President Barack Obama told congressional leaders yesterday he will deploy as many as 275 U.S. troops to Iraq to protect the American embassy. He also opened the door to air strikes and increased military aid to help the Iraqi government defeat the Islamic State in Iraq and the Levant, or ISIL. West Texas Intermediate fell amid speculation recent gains were excessive as supplies remained near a seasonal record.
“It takes an extreme amount of fortitude to be able to sell this market right now,” said Stephen Schork, president of the Schork Group Inc. in Villanova, Pennsylvania. “One headline and this market could jump $3. Brent is much more vulnerable to geopolitical events than WTI.”
Brent for August settlement added 51 cents, or 0.5 percent, to $113.45 a barrel on the ICE Futures Europe exchange, the highest closing price for a front-month contract since Sept. 9. The volume of all futures traded was 17 percent above the 100-day average for the time of day.
WTI for July delivery dropped 54 cents, or 0.5 percent, to $106.36 a barrel on the New York Mercantile Exchange. The contract ended last week at $106.91, the highest since Sept. 18. Brent’s premium to WTI widened to $7.09 a barrel, the most since May 28.
Prices pared losses after the American Petroleum Institute was said to report that U.S. crude inventories dropped 5.7 million barrels last week, according to two people familiar with the report. Supplies at Cushing, Oklahoma, the delivery point for the Nymex contract, increased 255,000 barrels. The July contract was down 30 cents at $106.60 at 4:54 p.m. in electronic trading.
Islamic militants last night attacked a prison in Baquba, putting the city on the frontline of a Sunni guerrilla campaign that poses the gravest threat to Iraqi Prime Minister Nouri al-Maliki so far.
Brent gained 4.4 percent last week, the biggest weekly increase since July, as the unrest in Iraq fanned concern that supplies from OPEC’s second-largest producer may be disrupted. WTI climbed 4.1 percent, the most since December.
The nation’s oil output hasn’t been hurt by the violence, the International Energy Agency said today. Iraq’s oil exports from its southern terminals on the Persian Gulf are poised to surge, according to a preliminary loading plan obtained by Bloomberg News yesterday, at a time when fighting has plunged the north into chaos.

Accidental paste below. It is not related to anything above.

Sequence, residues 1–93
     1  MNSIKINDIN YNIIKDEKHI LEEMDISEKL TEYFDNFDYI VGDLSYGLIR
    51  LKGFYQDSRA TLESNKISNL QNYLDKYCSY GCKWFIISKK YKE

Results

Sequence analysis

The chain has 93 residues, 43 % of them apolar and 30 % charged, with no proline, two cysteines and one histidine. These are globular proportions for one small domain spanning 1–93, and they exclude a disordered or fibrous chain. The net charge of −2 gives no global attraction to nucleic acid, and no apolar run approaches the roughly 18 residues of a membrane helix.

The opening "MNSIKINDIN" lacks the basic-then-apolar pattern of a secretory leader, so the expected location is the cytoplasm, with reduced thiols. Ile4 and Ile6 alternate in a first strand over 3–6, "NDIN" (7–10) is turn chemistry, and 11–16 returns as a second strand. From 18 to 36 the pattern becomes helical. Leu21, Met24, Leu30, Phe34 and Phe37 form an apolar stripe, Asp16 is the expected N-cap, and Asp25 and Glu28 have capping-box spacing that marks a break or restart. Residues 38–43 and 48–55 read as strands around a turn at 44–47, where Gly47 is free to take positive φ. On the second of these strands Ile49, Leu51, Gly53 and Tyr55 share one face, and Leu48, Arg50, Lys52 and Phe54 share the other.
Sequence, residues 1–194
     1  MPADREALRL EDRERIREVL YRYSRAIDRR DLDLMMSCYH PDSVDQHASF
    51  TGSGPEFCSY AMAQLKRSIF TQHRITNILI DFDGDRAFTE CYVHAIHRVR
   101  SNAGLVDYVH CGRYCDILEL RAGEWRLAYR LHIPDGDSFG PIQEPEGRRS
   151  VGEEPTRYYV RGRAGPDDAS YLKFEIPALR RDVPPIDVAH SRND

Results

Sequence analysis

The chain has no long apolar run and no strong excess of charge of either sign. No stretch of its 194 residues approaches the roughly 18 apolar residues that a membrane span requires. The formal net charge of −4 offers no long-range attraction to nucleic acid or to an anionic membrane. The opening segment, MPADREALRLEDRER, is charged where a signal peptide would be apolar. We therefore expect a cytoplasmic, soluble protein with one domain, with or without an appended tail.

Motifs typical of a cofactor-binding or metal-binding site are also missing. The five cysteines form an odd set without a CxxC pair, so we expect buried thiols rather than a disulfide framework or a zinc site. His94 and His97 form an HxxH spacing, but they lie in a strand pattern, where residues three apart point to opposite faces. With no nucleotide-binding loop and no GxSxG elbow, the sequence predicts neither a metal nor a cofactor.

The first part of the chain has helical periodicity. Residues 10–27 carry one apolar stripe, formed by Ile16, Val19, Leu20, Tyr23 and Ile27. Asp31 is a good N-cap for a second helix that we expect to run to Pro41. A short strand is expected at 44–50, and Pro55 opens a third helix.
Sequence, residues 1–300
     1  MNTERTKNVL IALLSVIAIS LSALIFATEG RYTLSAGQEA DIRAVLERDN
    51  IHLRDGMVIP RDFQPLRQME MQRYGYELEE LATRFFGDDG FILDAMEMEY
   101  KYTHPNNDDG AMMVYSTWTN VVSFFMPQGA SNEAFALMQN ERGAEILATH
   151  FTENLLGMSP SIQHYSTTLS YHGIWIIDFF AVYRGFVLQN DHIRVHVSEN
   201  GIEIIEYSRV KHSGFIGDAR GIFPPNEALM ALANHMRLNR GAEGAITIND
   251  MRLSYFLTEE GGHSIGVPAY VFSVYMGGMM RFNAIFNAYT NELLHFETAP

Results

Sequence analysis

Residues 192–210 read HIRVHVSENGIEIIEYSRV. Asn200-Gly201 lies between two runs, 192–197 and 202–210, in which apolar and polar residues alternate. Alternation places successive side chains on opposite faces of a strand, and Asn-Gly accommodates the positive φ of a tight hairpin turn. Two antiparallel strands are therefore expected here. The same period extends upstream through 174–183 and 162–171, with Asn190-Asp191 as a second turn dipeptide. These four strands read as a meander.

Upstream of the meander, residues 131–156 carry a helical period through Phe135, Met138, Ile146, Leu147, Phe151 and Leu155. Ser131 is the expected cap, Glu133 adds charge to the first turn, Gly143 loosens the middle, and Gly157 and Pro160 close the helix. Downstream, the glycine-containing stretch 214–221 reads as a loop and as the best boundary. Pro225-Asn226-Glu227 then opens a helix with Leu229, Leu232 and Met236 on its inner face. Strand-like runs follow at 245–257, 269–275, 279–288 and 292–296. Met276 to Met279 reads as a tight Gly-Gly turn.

Exports of Basrah Light crude, Iraq’s main grade, may reach about 2.8 million barrels a day next month. That’s 11 percent more than this year’s average and would be close to a three-decade high of 2.799 million barrels that Iraq said were exported from all its ports each day in February.
“At this moment, not a single barrel of oil has been displaced compared with the situation a week ago,” Maria van der Hoeven, executive director of the Paris-based International Energy Agency, said on a conference call today. “But of course we can see that the market is worrying.”
The fighting hasn’t spread to the south, which the U.S. Energy Information Administration says is home to three-quarters of Iraq’s crude output. Iraq pumped 3.3 million barrels a day of crude in May, second in the Organization of Petroleum Exporting Countries only to Saudi Arabia, according to data compiled by Bloomberg.
“What we know now on Iraq has already been taken into the price, so for a further rise there would need to be an escalation that affects supply,” Ole Hansen, head of commodity strategy at Saxo Bank A/S in Copenhagen, said by phone. “We are coming out of an overbought situation so there is a bit of market retracement.”
The EIA, the Energy Department’s statistical arm, will release its weekly petroleum data tomorrow. Crude inventories probably shrank by 750,000 barrels last week, according to the median projection of eight analysts surveyed by Bloomberg News. Supplies increased to a record 399.4 million in April.
Gasoline futures gained 1.93 cents, or 0.6 percent, to $3.0911 a gallon on the Nymex. Ultra-low sulfur diesel climbed 2.01 cents, or 0.7 percent, to $3.0180.
“Everybody’s got their hands in their pockets right now,” said Carl Larry, president of Oil Outlooks & Opinions LLC in Houston. “Geopolitically we are still waiting to see what will happen in Iraq and here we are waiting for the EIA report.”
To contact the editors responsible for this story: David Marino at firstname.lastname@example.org Stephen Cunningham